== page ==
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Have you ever wondered why you may be snoring? There are many potential reasons, but have you ever considered sleep apnea as the reason? Sleep apnea is a sleeping disorder that can be diagnosed due to abnormal reductions in breathing while someone is asleep. This can result in a reduced quality of sleep and could potentially lead to serious health consequences. While this disorder is common in the United States, it often goes undiagnosed because it can be hard to tell your symptoms in your sleep. Understanding the different types of sleep apnea can minimize the potential health effects in the future.

What is Sleep Apnea?

According to the Mayo Clinic, sleep apnea is a breathing disorder that contributes to abnormal breathing patterns while asleep. People who suffer from sleep apnea have reductions or pauses in breathing for short periods of time while asleep. These repeated pauses in breathing can cause a person to wake up while they sleep which reduces their sleep quality. People who suffer from sleep apnea may not remember whether or not they are waking up which makes the disorder hard to diagnose. There are different types of sleep apnea disorders categorized by the cause of breathing disruptions.

Signs You May Have Sleep Apnea

If you do not have a partner who witnesses disruptions in your sleep, sleep apnea can be difficult to diagnose. However, it may be beneficial to talk to a doctor about sleep apnea if you are showing any of these other symptoms:

  • Depending on caffeine to stay awake
  • Dozing off at inappropriate times (meetings, social events, etc.)
  • Feeling fatigued after seven to nine hours of sleep
  • Frequent headaches or dry mouth in the morning
  • Waking up with a choking sensation
  • Struggling with concentration or memory with no explanation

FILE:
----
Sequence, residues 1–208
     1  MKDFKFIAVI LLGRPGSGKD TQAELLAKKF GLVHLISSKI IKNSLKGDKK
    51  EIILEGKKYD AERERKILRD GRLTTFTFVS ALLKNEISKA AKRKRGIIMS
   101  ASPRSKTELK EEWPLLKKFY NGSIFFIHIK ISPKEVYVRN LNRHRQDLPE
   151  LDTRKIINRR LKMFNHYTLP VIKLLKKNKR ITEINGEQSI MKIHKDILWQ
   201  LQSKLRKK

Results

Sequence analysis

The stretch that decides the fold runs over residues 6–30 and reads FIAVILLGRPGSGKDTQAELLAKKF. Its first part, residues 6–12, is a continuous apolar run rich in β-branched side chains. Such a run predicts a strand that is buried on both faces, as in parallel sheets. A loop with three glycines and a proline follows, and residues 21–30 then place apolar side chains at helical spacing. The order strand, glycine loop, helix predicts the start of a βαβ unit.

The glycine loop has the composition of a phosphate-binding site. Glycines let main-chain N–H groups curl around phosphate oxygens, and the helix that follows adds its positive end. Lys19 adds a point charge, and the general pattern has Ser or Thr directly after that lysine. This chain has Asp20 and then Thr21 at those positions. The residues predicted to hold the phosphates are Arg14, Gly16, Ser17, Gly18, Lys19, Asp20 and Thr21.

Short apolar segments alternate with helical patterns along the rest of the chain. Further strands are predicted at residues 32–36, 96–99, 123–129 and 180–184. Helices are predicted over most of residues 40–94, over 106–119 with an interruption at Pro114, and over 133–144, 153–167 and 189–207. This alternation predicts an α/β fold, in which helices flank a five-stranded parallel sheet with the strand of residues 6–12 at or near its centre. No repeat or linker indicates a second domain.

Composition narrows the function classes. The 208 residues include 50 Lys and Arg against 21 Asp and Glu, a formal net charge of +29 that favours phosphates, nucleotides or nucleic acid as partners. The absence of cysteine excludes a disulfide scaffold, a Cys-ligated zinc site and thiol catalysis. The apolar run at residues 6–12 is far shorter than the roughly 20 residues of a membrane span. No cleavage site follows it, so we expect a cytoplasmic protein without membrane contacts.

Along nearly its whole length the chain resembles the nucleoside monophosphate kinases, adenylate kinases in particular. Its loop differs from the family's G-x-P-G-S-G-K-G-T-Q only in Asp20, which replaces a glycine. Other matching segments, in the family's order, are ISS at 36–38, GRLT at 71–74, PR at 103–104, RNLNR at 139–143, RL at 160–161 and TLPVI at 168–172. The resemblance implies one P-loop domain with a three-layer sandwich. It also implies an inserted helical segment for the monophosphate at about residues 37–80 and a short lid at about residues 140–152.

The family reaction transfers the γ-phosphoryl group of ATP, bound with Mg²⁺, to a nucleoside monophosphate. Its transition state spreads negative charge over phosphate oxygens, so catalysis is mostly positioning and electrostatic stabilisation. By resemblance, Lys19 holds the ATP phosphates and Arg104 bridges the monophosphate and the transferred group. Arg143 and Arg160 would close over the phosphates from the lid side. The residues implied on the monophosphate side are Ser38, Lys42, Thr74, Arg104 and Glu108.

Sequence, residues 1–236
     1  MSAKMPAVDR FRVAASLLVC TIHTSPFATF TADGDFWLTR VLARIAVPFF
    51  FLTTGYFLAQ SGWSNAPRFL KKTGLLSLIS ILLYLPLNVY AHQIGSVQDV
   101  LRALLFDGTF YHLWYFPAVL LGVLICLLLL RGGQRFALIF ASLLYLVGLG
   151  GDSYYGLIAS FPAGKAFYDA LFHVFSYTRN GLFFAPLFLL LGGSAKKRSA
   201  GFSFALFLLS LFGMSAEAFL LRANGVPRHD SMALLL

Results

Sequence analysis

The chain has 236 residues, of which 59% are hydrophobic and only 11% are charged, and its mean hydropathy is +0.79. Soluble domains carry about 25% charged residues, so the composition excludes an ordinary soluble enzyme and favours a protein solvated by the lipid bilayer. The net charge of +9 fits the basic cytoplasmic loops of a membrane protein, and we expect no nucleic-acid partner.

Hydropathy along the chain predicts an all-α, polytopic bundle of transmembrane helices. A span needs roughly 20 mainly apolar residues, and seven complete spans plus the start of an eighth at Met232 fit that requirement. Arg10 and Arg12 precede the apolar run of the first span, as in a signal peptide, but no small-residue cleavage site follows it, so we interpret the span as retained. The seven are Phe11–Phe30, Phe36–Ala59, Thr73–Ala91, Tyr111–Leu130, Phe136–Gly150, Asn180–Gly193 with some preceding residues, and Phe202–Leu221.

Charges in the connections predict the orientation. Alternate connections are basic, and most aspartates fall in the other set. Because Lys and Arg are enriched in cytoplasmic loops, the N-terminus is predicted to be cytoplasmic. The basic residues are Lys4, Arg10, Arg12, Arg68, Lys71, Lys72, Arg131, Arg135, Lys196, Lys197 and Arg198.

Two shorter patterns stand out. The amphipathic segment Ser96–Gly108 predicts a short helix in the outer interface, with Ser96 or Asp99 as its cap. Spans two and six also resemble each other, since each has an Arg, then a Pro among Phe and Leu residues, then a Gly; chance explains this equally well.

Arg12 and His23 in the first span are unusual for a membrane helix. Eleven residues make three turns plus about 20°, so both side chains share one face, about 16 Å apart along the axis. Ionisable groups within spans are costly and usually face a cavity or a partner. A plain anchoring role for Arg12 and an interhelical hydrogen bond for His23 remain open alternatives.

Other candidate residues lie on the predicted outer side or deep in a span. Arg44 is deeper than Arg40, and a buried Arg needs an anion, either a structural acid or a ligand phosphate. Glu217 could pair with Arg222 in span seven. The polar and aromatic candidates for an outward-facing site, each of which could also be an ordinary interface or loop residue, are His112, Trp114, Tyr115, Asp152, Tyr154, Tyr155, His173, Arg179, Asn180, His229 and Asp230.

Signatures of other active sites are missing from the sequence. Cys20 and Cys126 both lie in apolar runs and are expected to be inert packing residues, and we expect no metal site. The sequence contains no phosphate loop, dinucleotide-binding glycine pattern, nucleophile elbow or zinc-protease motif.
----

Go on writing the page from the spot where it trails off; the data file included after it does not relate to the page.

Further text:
Types of Sleep Apnea

Obstructive Sleep Apnea

Obstructive sleep apnea (OSA) is the most common type of sleep apnea, affecting 10% to 30% of adults in the United States, but many cases go undiagnosed. It occurs when the airway at the back of the throat gets blocked or is restricted while sleeping which can cause snoring. As a result, the person usually wakes up trying to catch their breath which can sound like snorting or choking.

Central Sleep Apnea

Central sleep apnea (CSA) is the disruption between the communication of the brain and the muscles that control breathing. This causes breathing to become shallower and have temporary pauses. Less than 1% of people have central sleep apnea which is much less than obstructive sleep apnea.

Mixed Sleep Apnea

Someone who has symptoms of both, obstructive sleep apnea and central sleep apnea, has mixed sleep apnea. The treatment for mixed sleep apnea is similar to obstructive sleep apnea treatment.

Obstructive Sleep Apnea

Causes of Obstructive Sleep Apnea

Oftentimes people who have obstructive sleep apnea’s muscles in the back of their throat relax while they sleep which reduces space for air to flow through. Snoring occurs in narrow airways when a person does not get enough oxygen. These disruptions will happen repeatedly during sleep.